Sumozhe suppressed, huntuo halted: An investigation into the nature and stakes of the cold-splashing Sogdian festal dramas performed in early eighth century Tang China
This article investigates two specific dramatic elements-the huntuo and the sumozhe-at the core of the controversial "cold-splashing Sogdian plays" (pohan huxi. The huntuo could be a felt hat, an oilcloth, a pelt headdress, or a theatrical striptease. With deep multicultural roots, the sumozhe (samaja) combined masquerade, ambulatory drama, dance, and music into a boisterous spectacle. In addition to examining the high cultural stakes underlying the public performance and imperial support (or prohibition) of these plays in early eighth century Tang China, this essay proposes a link between these hibernal festal dramas and Turkish Köse plays.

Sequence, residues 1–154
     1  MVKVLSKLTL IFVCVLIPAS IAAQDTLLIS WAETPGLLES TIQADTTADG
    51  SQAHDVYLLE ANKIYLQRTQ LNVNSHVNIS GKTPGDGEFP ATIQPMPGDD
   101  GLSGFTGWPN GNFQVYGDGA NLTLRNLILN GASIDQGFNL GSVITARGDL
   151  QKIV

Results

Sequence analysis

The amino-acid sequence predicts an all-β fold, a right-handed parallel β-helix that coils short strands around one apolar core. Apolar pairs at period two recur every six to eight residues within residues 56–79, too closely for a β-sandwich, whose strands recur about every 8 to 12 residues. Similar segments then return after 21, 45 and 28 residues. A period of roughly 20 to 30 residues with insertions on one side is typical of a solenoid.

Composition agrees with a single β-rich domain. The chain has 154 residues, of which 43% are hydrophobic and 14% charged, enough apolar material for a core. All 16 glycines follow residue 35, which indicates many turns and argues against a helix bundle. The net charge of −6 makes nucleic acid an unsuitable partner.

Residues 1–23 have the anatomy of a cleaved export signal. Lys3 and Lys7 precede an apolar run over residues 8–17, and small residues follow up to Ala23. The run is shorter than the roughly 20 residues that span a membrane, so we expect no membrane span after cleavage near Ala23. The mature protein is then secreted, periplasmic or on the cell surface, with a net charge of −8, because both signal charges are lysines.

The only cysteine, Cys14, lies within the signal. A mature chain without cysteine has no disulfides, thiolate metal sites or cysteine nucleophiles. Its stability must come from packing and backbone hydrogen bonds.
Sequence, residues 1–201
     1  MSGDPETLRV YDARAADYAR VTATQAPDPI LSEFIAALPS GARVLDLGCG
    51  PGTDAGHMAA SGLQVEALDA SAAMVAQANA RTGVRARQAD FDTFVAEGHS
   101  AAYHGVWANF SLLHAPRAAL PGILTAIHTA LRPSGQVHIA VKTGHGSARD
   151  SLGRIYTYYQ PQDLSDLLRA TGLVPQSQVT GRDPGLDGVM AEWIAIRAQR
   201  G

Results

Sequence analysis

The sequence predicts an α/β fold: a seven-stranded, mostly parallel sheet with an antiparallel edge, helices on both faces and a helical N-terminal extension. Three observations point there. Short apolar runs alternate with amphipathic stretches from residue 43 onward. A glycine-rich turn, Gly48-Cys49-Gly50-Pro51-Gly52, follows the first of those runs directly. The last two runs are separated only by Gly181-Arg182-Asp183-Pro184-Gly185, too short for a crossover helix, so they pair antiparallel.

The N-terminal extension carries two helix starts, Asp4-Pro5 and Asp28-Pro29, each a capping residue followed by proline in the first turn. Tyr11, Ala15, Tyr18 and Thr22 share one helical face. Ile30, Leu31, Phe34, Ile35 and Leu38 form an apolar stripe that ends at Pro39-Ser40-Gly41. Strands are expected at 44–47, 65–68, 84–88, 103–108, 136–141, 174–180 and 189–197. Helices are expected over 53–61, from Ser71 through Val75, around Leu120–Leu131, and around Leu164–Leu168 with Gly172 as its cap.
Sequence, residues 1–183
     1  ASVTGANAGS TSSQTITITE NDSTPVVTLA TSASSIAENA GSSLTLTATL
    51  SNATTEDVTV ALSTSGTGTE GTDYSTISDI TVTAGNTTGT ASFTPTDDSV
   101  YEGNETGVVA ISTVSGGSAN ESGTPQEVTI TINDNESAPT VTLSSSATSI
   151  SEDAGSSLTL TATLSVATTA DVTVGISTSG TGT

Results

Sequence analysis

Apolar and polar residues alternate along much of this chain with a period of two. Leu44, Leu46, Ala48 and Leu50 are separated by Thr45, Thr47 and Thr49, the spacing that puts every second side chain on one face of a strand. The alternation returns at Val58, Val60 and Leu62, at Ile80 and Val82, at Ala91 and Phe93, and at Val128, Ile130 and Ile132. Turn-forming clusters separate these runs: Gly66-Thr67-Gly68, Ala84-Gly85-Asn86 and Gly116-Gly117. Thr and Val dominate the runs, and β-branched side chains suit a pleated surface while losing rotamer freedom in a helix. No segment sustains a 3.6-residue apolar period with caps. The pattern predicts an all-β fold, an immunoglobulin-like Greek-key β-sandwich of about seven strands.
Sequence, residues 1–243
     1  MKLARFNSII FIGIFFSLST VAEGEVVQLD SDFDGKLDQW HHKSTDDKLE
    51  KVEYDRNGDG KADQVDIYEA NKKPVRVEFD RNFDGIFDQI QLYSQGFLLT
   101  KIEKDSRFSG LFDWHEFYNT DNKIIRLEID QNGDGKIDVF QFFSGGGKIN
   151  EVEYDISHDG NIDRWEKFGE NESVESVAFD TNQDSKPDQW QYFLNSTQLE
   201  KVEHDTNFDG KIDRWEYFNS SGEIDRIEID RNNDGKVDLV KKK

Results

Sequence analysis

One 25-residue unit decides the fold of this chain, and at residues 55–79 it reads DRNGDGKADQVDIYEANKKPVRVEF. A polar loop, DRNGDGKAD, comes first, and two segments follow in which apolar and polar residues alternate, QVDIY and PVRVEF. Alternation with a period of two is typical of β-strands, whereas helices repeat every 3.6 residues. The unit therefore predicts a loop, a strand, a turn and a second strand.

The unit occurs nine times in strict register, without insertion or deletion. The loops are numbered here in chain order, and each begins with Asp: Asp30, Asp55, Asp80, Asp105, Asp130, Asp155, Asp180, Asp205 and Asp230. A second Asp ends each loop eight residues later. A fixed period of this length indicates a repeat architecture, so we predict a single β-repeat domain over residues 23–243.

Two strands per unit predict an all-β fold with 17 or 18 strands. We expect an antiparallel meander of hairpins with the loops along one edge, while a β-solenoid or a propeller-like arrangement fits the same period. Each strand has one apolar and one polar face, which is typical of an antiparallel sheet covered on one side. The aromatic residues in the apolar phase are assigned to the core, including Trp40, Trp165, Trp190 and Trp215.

Frontiers of History in China
Digital Object Identifier (DOI)
Rothschild. (2017). Sumozhe Suppressed, Huntuo Halted: An Investigation into the Nature and Stakes of the Cold-Splashing Sogdian Festal Dramas Performed in Early Eighth Century Tang China. Frontiers of History in China, 12(2), 262–300. https://doi.org/10.3868/s020-006-017-0013-2